Adapter Design Pattern

This design pattern is pretty easy to use and understand, so this article is going to be short. First of all, why do we need it at all? Well, the main reason is the following – there are some classes that might implement useful algorithms, but we expect a bit different output out of them. For instance:
1) Legacy shape uses top left coordinates, and then height and width for rectangle. We would like to use top left and bottom left coordinates knowing we are talking about rectangle initially.
2) We have old customer authentication interface which expects different type of Customer class that we use.

In other words, there are lots of reasons why Adapter can and should be used. I will give a sketch of real-world example for the customer authentication. Let us say that old authentication API uses the following class for Customer:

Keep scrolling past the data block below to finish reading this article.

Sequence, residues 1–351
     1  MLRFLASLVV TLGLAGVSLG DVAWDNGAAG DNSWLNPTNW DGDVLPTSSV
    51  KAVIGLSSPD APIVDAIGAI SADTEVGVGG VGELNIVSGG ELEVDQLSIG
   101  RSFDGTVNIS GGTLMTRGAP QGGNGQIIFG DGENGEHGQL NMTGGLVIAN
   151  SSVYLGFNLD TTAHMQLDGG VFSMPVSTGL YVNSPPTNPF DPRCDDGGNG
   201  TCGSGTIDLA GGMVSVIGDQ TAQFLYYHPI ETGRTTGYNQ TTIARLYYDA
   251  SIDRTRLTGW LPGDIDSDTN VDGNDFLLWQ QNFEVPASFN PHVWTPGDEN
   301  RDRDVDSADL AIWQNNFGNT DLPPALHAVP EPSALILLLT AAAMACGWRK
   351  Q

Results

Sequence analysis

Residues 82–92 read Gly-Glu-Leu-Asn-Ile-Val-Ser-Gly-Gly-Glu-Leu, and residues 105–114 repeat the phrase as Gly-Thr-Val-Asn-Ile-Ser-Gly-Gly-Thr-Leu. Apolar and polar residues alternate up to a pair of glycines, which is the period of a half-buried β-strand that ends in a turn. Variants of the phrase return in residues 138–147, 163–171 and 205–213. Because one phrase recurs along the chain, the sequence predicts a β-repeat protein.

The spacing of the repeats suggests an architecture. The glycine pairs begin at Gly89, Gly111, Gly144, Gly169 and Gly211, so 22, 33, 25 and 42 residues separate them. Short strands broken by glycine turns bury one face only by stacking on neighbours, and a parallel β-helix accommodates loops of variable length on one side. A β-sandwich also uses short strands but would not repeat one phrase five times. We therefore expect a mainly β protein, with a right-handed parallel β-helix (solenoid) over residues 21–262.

public class APICustomer {
    public Email { get; set; }
    public Password { get; set; }
}

And we use the following class:

public class Customer {
    public UserName { get; set; }
    public Password { get; set; }
}

And now we need some adapter that adapts our Customer to APICustomer. We can implement it in the following way:

public class CustomerAdapter {
    public static APICustomer Adapt(Customer c) {
        // Given the circumstances that all users use example.com as email domain.
        // In the Gmail users' database it might actually be so. However, in a more real-world adoption of APICustomer would be much more difficult or even impossible.
        // Still, this is not a bad example to illustrate use of it.
        return new APICustomer { Email = c.UserName + "@example.com", Password = c.Password };
    }
}

And this is it. Basically, I have introduced a pretty simple class that converts object of Customer to APICustomer object. In other words, it means that Adapter does not have any sort of strict obligations regarding use of it, so Adapter might be almost everything that you use everyday in your programming life. Just think about it.

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